Anne Chisholm

The serpent in the garden

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The River

Rumer Godden

Virago Modern Classics, pp. 224, £

Loss of innocence happens to us all and is one of the great themes of literature. With The River, a novella first published in 1946 and now rightly republished by Virago, Rumer Godden gave us not only her best book (she wrote more than 60) but a small masterpiece, a near perfect account of how childhood has to come to an end and the serpent must enter the garden.

Her story of an English family living on a river in Bengal (now in Bangladesh) is closely based on her own early life. Born in 1907, she grew up, the second of four sisters, in a large house at Narayanganj, near Dhaka, where her father worked for the Inland Navigation Company; like so many children of the Raj, she had been sent back to Britain to be educated only to be reprieved, as she always saw it, when the first world war began and her parents feared years of separation. No one has ever evoked better than Godden the shock of leaving the golden warmth of India and family life for the cold grey bleakness of England and strangers, and in The River she celebrates the joy of return and a passion for the people, colours, sounds and even the smells of India that never left her.

Through her heroine and alter ego, Harriet, who writes stories and hides them, as did Rumer, in the trunk of a tree, she evokes, in simple, flawless prose, a young girl’s first encounters with jealousy, sex, guilt and death. Harriet’s beautiful older sister captivates the wounded war hero she considers her special friend; her mother has another baby; and her little brother, Bogey, plays a dangerous game which Harriet knows she should stop but never does, with terrible consequences.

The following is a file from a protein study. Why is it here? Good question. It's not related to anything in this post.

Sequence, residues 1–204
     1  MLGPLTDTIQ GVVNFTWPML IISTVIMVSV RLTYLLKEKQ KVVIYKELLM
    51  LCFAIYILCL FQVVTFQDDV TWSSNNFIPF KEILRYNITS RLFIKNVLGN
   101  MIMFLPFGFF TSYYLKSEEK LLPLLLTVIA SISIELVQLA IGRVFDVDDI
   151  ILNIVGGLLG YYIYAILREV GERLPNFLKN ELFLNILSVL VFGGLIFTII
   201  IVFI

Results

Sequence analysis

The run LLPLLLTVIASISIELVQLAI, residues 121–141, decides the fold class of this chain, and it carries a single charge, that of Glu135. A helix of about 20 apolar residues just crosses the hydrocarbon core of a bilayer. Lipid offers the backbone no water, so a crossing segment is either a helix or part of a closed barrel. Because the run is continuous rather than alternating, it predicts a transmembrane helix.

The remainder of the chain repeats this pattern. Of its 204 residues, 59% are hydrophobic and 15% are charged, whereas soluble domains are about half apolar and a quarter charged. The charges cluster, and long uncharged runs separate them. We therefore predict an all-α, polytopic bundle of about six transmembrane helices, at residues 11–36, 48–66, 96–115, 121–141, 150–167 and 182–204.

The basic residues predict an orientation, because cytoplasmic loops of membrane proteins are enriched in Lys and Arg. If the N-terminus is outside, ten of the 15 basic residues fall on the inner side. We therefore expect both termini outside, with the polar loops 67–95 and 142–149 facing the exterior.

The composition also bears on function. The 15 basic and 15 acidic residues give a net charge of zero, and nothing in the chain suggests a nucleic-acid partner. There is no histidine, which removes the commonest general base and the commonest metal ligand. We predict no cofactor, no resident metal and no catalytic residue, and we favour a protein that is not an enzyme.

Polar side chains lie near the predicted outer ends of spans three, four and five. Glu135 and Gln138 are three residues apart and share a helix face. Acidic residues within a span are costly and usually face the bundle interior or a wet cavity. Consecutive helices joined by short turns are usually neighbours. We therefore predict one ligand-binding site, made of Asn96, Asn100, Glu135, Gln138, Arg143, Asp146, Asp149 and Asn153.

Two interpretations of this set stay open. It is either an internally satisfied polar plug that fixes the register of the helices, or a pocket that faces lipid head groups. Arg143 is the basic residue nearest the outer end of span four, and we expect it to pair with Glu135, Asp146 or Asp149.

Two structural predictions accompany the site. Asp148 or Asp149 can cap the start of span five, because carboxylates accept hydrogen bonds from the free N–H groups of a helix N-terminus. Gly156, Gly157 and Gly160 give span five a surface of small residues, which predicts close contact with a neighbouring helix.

No wonder Jean Renoir, the great director, chose to make The River into a film and ask Rumer back to India to work on it with him. The film diverges from the book and seems dated now, with its plummy-voiced narration; but it has beautiful passages, and provided Satyajit Ray with the opportunity to work with Renoir and learn from him.

As well as The River, Virago republishes here two of Rumer’s Kashmir stories written ten years later. This may seem unnecessary, but they do show her range — there are no English children in them — and her unsentimental capacity for facing the pain and cruelty of life in India, which she observed closely when she lived on a mountain above Srinagar during the second world war.

Both stories are set among goatherds. In ‘Red Doe’ a young girl is handed over to an arranged marriage, and in The Little ‘Black Ram’ a boy has to abandon an animal he has come to love. It is to be hoped that Virago will go on to republish King-fishers Catch Fire, the novel based on Rumer Godden’s own darkest experience in India, her version of Forster’s Marabar Caves.